We’ve all heard of the so-called "dirty dozen" those fruits and vegetables that have the highest levels of pesticide contamination. In April 2010, the Environmental Working Group (EWG), a nonprofit environmental advocacy organization, released an updated list of the new “dirty dozen” to help guide consumers. According to the EWG, you can reduce the amount of pesticides you consume by nearly 80 percent by avoiding these twelve most contaminated fresh produce.
Why Avoiding the Dirty Dozen is Important for Children
Kids face a double whammy when it comes to health risks from pesticides. One, they are especially vulnerable to pesticides because their bodies are still growing and their bodies are less able to metabolize and get rid of toxins. And two, they may consume more of the pesticide residue than adults relative to their body weight because they are physically smaller.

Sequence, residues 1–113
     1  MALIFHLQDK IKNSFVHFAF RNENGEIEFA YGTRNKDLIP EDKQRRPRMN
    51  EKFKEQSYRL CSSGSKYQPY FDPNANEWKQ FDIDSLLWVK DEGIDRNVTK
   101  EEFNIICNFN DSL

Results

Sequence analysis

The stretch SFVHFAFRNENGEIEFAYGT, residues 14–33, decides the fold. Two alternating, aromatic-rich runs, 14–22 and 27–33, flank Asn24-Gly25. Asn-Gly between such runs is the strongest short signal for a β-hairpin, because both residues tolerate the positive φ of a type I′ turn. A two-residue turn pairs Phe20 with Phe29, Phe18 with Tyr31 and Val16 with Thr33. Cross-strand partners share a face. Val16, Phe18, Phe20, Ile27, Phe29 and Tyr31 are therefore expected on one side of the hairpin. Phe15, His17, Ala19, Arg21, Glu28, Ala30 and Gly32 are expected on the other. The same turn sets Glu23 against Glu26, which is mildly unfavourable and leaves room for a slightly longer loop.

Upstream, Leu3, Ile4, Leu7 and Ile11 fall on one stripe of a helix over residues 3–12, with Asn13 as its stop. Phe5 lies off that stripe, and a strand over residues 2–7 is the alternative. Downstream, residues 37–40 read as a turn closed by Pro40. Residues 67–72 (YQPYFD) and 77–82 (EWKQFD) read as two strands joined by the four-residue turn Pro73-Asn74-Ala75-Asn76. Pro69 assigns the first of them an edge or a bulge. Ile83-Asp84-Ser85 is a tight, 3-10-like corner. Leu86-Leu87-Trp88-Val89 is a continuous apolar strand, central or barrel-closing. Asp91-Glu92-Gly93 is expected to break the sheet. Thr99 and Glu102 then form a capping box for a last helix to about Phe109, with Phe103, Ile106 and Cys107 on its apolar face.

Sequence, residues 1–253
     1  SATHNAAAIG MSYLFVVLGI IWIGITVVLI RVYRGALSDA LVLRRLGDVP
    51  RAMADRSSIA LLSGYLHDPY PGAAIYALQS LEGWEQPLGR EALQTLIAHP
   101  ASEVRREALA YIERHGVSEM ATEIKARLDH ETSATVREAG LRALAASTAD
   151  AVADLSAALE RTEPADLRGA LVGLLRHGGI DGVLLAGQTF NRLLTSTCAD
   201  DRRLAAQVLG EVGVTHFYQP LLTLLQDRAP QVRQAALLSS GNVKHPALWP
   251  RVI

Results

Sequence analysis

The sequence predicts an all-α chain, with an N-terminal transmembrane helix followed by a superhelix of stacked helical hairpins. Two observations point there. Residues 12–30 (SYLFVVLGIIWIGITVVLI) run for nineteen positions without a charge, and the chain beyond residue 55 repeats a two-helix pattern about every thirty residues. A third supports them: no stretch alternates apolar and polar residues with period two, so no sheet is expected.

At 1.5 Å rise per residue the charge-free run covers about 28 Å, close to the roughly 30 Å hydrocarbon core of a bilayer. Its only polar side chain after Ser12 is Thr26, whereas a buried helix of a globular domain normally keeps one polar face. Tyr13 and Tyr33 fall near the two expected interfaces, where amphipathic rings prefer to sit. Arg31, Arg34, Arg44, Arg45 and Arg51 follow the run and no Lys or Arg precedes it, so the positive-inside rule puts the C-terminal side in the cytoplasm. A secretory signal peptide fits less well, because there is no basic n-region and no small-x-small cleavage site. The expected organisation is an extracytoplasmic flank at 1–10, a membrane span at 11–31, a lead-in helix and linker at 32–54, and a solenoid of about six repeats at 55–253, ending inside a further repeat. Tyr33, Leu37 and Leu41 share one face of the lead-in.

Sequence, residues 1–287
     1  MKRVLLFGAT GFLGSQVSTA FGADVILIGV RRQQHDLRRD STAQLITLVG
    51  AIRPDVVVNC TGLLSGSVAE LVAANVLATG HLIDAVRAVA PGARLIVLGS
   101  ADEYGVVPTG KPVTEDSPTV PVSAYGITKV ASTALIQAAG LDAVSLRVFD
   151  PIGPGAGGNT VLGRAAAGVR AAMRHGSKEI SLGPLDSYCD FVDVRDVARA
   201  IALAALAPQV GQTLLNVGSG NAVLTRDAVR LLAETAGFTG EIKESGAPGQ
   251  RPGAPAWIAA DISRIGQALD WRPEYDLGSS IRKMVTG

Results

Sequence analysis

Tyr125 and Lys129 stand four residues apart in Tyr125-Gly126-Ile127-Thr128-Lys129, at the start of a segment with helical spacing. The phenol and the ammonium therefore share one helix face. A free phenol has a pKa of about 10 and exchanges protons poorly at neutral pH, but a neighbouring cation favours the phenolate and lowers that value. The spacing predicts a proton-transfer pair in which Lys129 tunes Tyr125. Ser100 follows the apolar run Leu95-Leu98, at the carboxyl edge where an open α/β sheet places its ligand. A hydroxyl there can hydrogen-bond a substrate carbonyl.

According to the EWG, studies have shown that kids are routinely consuming unsafe levels of commonly-used organophosphate pesticides, which can harm the developing brain and nervous system. Pesticides have also been linked to cancer, effects on the hormone system, and irritation of eyes, skin, and lungs. New research has also shown that pesticides may be linked to problems such as ADHD.
While it's often difficult -- and expensive -- to go entirely organic, parents should try to avoid conventional versions of these foods. Buy organic versions when you can or try to find alternative fruits and veggies when possible.
What are the New "Dirty Dozen"
- Bell peppers